They're the teen romance films we are all (secretly) obsessed with.

Whether or not you admit to loving this genre, there's good news.

Netflix has confirmed there will be a sequel to the To All The Boys I’ve Loved Before and we CAN'T WAIT.

If you haven't seen the first movie – GO and watch it.

But it's based off an award-winning novel written by Jenny Han and follows actress Lana Condor as a secondary student Lara Jean.

Instead of confronting the lads she likes, Lara writes love letters to the boys she's been eyeing up and hides them away in a teal box in her wardrobe.

Cue the little brat of a sister snooping in her room and sending the private confessions to the boys they're addressed to.

A whole lot of drama occurs which leads to an arrangement being made with a boy called Peter.

Peter and Lara agree to pretend to be each other's partners.

I am sure you can guess what happens from here, but the predictable plot still gets us every time.

The second instalment of the books is titled P.S. I Still Love You, which is already giving us feels.

WE CAN'T WAIT.

Two separate shooting incidents occurred in Dublin last night, with the victims of both incidents aged in their teens.

A man in his late teens was found with apparent gunshot injuries to the head in Clondalkin at around 11pm last night.

He was discovered in the front garden of a house at Shancastle Park Clondalkin Dublin 22.

He was taken to Connolly Hospital where he is in a serious condition.

A Garda investigation is under way.

Gardaí are appealing for witnesses or anyone with information to contact them at Ronanstown Garda Station on 01 666 7700.

In an unrelated incident, a second man in his late teens received a gunshot wound to the abdomen in Ballymun, Dublin.

The injuries occurred after shots were fired into a house  at Barnwell Drive Ballymun, Dublin 11 in the early hours of this morning, around 2.25am.

The man has been taken to The Mater Hospital.

Anyone with information should contact Ballymun Garda Station on 01 666 4400.

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Earlier this month actress Jennifer Aniston led an impressive conversation about the position of women in society as she criticised the press for their treatment of female celebrities and now the star has given one of her most powerful interviews yet to a group of teenagers at an Italian film festival.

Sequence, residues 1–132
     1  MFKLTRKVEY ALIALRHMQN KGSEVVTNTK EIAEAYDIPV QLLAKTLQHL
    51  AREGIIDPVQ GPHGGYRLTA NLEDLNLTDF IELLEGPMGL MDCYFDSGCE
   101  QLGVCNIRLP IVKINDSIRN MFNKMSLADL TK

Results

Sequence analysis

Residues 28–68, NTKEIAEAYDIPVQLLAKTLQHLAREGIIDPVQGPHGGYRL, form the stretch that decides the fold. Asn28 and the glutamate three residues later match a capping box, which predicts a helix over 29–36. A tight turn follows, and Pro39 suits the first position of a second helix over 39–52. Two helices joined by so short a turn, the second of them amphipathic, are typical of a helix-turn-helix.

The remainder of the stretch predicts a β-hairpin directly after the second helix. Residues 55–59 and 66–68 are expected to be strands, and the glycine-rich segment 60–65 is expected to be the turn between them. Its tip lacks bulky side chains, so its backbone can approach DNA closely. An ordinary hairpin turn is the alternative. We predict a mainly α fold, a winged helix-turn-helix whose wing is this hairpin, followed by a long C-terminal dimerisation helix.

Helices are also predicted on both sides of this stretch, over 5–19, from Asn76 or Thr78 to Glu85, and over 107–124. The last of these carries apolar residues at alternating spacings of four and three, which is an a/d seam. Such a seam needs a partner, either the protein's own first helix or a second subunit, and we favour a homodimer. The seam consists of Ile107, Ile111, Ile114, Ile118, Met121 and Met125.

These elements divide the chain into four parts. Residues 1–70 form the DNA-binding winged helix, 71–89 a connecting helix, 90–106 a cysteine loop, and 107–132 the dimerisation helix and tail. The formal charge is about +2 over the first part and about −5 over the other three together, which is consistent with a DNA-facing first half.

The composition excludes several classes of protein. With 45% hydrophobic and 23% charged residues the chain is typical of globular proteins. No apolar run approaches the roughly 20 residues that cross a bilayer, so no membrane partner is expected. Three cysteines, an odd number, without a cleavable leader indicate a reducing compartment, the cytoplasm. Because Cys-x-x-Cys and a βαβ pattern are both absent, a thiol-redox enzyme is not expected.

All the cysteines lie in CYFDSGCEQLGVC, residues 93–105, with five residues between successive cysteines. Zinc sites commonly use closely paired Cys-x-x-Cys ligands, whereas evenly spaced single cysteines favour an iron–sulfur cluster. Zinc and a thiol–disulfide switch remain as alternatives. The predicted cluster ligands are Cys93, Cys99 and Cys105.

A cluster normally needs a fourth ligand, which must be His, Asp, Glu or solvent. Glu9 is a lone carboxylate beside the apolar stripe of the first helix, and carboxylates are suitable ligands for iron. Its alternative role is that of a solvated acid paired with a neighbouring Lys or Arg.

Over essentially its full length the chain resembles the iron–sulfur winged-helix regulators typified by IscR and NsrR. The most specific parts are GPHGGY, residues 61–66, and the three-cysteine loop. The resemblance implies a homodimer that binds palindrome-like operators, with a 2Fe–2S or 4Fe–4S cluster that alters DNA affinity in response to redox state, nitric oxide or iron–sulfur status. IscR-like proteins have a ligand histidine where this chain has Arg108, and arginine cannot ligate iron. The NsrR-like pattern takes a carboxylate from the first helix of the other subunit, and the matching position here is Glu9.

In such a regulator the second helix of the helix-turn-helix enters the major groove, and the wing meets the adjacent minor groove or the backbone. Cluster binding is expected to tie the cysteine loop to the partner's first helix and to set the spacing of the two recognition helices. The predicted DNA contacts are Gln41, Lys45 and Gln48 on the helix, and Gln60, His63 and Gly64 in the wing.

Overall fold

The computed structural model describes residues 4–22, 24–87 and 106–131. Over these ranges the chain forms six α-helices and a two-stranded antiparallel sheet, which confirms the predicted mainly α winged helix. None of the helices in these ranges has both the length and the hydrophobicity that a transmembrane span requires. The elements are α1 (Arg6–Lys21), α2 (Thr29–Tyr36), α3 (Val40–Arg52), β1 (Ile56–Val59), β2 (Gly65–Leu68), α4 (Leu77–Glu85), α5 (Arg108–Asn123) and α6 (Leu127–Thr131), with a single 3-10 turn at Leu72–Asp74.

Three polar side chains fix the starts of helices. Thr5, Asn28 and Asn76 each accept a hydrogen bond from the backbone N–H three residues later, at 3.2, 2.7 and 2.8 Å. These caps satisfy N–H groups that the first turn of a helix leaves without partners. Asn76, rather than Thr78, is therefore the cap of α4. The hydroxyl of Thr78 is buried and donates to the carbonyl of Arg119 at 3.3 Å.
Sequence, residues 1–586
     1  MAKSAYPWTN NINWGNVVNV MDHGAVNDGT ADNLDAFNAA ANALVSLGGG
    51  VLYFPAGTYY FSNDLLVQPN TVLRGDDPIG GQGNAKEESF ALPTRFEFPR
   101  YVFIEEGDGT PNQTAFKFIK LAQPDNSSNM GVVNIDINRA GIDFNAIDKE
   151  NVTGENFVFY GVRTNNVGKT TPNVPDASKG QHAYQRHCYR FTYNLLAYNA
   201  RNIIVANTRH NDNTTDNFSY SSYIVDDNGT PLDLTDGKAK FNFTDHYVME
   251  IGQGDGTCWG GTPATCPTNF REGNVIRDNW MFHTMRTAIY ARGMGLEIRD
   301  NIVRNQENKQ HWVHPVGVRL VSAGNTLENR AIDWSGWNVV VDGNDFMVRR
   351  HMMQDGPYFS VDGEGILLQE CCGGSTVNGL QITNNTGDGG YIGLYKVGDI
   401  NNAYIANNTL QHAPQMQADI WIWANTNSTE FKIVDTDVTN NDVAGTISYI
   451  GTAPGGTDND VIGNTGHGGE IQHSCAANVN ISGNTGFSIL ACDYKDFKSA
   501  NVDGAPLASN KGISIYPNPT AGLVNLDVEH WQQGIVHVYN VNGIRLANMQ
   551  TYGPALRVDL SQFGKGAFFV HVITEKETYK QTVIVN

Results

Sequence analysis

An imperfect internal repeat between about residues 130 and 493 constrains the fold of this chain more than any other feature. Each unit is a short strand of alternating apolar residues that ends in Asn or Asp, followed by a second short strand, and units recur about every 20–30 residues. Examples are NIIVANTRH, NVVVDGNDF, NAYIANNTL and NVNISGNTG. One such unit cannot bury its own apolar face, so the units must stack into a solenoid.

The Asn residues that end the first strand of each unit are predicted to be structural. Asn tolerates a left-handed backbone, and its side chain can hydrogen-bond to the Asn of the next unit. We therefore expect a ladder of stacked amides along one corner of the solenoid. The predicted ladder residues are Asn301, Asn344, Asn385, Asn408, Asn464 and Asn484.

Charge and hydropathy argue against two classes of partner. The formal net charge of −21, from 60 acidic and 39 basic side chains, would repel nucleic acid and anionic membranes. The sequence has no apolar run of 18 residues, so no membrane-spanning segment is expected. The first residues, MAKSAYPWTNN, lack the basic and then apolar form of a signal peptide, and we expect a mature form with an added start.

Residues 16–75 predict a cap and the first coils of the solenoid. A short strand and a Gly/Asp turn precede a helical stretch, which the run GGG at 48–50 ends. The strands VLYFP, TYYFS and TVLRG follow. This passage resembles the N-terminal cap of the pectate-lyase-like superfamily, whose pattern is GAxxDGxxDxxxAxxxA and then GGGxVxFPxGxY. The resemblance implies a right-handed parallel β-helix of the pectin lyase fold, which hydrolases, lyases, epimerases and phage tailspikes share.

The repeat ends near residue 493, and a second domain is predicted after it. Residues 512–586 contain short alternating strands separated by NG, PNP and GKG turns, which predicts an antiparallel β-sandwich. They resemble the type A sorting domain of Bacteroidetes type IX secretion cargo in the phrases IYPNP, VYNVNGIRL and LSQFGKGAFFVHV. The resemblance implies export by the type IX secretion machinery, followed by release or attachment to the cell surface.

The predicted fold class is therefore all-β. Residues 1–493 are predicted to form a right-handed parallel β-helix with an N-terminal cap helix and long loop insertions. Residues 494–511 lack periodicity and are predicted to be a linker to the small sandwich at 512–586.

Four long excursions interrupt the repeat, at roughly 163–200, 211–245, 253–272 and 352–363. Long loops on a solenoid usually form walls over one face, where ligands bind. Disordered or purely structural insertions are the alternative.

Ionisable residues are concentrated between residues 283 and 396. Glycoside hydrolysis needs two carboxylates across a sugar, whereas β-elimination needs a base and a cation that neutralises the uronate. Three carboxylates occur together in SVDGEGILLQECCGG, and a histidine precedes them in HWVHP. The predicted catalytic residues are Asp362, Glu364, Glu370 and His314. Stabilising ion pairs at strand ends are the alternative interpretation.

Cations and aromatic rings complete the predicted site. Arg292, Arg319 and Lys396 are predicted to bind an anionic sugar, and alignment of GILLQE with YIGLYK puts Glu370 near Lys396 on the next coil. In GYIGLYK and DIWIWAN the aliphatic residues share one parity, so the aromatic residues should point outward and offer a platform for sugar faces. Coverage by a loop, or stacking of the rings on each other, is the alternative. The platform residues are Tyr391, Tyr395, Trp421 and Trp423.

During a Question and Answer session with a gathering of children and teens at Giffoni Film Festival, Jen got real on the topic of self doubt.

When one youth asked her if she has ever woken up in the morning feeling unsure of her identity, Jen openly replied: "There are not enough fingers and toes in this entire room to count how many times that moment has happened to me."

"We're all human beings at the end of the day, whether we're a waitress or a baker or a student or whatever we are, at the end of the day you kind of can hit walls and think I can't go any farther. Or this is too much.”

“My heart can't take it or the pain is too great, or am I good enough? Will I survive?"

“And you just have to sort of somehow miraculously overcome. You just go, ‘I can't, yes I can, yes you can.'"

Upon receiving a round of applause for her answer, the Friends star – who was presented with a Lifetime Achievement award at the festival – looked visibly moved as she became tearful and dabbed her eye with a tissue.

She then continued: "And also know that your actors, your idols, your icons, whatever you call them, have all had that experience or that moment in their lives many, many times.”

“There's nothing that separates us from you, because we all started at the same place."

"We all came out of nowhere. We were all born little innocent empty vessels. Don't punish yourself if you feel that. Go talk to people and seek help and always find something to inspire you."

We love hearing Jennifer speak in such a raw way about this important topic and hope she continues to inspire in the future.

Feat image: Getty

Centre image: Getty